Objective: To determine the shared perceptions, feelings, and expriences of U.S. military nurse veterans.
Design: Phenomenological based on Heideggerian philosophy.
Population, Sample, Setting: The population was of military nurse veterans in the U.S.A. from World War II, Korea, Vietnam, and Operation Desert Storm. The convenience sample was 22 nurses recruited from local and national veterans' groups who volunteered to be interviewed.
Methods: Transcribed interviews with team members producing written interpretations; the team produced consensus about themes. Each interview was summarized and validation from the research team and respondents was sought.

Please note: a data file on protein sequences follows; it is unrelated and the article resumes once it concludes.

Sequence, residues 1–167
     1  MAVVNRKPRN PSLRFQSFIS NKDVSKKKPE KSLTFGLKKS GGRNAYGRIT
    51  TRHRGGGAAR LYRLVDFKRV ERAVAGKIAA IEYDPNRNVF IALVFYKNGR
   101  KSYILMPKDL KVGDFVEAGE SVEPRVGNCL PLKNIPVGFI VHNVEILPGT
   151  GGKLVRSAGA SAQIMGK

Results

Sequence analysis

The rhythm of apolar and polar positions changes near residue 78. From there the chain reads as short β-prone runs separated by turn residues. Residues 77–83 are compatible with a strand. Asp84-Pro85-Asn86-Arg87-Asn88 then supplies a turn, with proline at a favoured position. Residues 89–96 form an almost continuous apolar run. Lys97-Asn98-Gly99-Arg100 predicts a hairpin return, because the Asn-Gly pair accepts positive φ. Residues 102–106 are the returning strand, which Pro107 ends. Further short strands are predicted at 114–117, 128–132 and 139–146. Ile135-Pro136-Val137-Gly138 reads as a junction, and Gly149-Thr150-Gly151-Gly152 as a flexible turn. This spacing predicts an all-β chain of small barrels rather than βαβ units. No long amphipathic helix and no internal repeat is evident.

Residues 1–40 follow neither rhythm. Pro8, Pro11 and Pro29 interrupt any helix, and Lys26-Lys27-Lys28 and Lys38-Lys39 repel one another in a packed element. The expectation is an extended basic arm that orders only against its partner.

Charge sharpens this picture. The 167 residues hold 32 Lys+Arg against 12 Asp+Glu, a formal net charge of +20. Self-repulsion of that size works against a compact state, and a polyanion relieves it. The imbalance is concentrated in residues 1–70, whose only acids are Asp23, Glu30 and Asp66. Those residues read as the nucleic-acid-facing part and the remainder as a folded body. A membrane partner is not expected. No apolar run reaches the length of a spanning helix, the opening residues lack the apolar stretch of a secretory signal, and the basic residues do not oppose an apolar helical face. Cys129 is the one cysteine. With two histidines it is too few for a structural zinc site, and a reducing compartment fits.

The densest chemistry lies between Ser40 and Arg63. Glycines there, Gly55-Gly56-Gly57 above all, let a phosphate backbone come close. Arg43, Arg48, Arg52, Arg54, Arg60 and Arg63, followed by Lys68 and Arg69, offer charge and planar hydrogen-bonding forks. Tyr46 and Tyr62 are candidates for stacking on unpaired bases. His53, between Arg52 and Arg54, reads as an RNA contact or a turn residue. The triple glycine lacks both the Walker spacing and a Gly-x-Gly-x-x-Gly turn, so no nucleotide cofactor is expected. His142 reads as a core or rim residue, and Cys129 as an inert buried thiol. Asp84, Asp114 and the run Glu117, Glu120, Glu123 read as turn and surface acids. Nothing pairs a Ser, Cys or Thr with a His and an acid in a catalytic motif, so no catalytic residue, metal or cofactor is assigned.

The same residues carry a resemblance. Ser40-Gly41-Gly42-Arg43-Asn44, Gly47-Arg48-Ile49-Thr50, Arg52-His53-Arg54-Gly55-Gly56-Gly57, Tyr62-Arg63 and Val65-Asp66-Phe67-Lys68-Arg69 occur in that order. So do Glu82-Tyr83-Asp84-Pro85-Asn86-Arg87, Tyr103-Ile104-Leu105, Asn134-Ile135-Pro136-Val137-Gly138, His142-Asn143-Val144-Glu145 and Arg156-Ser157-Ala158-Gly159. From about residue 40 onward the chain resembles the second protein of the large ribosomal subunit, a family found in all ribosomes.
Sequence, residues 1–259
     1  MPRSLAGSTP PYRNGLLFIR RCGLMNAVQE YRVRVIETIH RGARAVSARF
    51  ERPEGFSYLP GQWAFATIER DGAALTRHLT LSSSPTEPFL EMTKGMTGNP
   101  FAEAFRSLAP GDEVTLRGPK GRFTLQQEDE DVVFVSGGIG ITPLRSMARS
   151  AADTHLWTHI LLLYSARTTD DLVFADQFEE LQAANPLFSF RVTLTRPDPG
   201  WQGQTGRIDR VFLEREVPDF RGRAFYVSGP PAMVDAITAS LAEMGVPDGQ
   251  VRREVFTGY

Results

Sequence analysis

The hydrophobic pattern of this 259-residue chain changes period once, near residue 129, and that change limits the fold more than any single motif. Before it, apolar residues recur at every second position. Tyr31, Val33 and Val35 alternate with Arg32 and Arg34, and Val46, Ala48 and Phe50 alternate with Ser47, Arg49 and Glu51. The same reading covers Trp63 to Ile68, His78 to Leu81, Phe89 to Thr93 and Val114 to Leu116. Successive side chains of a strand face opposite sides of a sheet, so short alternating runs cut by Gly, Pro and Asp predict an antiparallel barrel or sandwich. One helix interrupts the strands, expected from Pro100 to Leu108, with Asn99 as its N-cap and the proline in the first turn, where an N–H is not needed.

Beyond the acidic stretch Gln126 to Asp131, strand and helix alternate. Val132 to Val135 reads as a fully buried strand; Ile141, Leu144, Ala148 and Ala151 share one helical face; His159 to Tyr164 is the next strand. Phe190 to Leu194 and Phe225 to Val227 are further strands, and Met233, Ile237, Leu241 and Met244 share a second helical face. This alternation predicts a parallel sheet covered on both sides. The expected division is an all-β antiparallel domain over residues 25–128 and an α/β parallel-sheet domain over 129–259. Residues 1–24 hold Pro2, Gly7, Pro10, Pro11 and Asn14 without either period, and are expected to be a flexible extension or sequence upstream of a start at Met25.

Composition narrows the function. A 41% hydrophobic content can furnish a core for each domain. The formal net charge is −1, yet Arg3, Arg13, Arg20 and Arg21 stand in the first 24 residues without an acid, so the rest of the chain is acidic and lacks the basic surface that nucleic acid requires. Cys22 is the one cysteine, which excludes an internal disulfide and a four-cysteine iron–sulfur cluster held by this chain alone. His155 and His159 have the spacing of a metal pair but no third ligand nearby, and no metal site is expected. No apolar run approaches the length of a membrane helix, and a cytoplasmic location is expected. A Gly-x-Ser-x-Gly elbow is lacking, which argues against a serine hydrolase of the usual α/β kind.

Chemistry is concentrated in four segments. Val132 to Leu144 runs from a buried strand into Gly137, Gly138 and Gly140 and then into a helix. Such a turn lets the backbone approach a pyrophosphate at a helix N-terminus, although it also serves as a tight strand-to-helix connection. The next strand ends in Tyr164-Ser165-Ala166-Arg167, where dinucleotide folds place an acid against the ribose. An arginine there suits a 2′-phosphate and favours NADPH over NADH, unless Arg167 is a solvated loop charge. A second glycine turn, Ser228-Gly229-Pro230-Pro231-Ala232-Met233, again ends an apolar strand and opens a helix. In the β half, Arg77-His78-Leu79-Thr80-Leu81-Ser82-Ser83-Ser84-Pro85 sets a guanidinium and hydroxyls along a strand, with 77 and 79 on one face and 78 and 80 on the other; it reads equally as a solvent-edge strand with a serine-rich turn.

Conclusions: Five common themes or shared meanings emerged: reacting personally to the war experience, living in the military, the meaning of nursing in the military, the social context of war, and images and sensations of war.
Clinical Implications: A coherent review of wartime nursing.